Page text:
The Giro’s very lively presentation jumps right out between the speakers and will never be mistaken for anything but pure analog -it is devilishly quiet, with a silkiness that makes the music feel as if it simply rises up between the speakers. The Giro zips through musical details with a level of finesse that far outstrips anthing in the $900-$1,500 range. There’s more of everything: more weight on the bottom, and a combination of smoothness and resolution on top. This solid performer is worth the asking price. Listeners graduating from lesser ‘tables will experience a fair share of “it feels like I have a new record collection” moments.

“Master Sigh,” from Andrew Bird’s Useless Creatures, immediately showcases the Giro’s prowess for revealing inner detail. Bird’s harp floats in the air with great attack as he plucks his violin, fading out with the right amount of gentleness in the decay. Similarly, Lol Creme and Kevin Godley’s Consequences avant-garde exercise features layers of buried details that are disappointingly rendered on a lesser deck. But here, the multiple vocal overdubs on “Lulu From Honolulu” scattered between the speakers, with even the most infinitesimal sound effects preserved. The duo’s “The Flood” depicts someone running water and brushing their teeth. While an odd choice for a hi-fi demo, the track’s timbre and spatial information are perfectly captured. It seems as if a person is directly located behind the speakers, brushing their teeth and sloshing mouthwash!

A Music Lovers Turntable

Sound effects are great fun, but rest assured, the Giro does a fantastic job with every kind of music thanks to its natural tonality. Herbie Hancock’s piano on the Blow-Up soundtrack is exquisitely depicted, never lost behind Freddie Hubbard’s trumpet or in the way of Ron Carter’s anchoring bass. The title track on Shelby Lynne’s Just a Little Lovin’ reveals the difference between the Giro and the other two on-hand ‘tables. The Giro lends a bit of extra tonal warmth, where the P9 is slightly more neutral, though lacking the AVID’s additional weight and drama. These are not huge differences by any stretch. Think of the Giro as having more of a classic vacuum-tube-like sound; make your system choices accordingly.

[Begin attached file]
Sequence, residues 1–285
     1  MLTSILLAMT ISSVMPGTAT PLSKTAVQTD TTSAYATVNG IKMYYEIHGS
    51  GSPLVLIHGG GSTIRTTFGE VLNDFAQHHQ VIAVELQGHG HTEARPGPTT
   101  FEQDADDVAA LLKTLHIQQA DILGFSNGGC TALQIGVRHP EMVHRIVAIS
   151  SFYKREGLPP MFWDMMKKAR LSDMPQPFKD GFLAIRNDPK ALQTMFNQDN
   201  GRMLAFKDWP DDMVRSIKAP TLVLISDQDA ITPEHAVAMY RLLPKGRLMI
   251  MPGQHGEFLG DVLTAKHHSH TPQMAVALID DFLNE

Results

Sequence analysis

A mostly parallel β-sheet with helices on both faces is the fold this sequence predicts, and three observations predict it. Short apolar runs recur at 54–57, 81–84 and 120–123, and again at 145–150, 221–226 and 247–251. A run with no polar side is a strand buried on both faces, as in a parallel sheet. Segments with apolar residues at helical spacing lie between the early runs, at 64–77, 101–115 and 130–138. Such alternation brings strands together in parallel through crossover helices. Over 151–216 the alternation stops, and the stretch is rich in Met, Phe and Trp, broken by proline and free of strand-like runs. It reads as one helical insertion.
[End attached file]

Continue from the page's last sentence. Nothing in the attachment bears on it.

Swapping the Sumiko cartridge (also on the slightly warm side of the tonal spectrum) for the SoundSmith Sussurro Paua (which has a faster, somewhat forward tonal balance) instilled a completely different feel to the overall sound—proof of the tonearm’s ability to resolve fine detail. A series of heavy tracks from Megadeth, Slayer, and Audioslave confirms the Giro can play loud rock music with composure and sans acoustic feedback—important when you crave high decibels. My favorite hip-hop 45s can’t even rattle its composure. Rest assured this Italian stunner is not finicky.

Sitting on the rack between the Rega P9 and the Linn LP-12, the Giro possesses warmth of character. Combining German precision with Italian style is brilliant, and while it doesn’t necessarily make the Giro a better record player, the ‘table’s cool factor will tug the heartstrings of those that demand mechanical performance and style points.

The Unison Research Giro

MSRP: $3,995 (without cartridge) UN1 MM cartridge, $550

http://en.unisonresearch.com (factory)
www.colleencardasimports.com (US Importer)


Preamplifier: ARC REF 5

Phono Preamp: Vitus Audio MP-P201

Cartridges: Sumiko Pearwood II Celebration, SoundSmith Sussurro Paua

Power Amp: ARC REF 150

Speakers: GamuT S9

Cable: Cardas Clear

Accessories: RSA Dmitri and Maxim power line conditioners, Furutech DeMag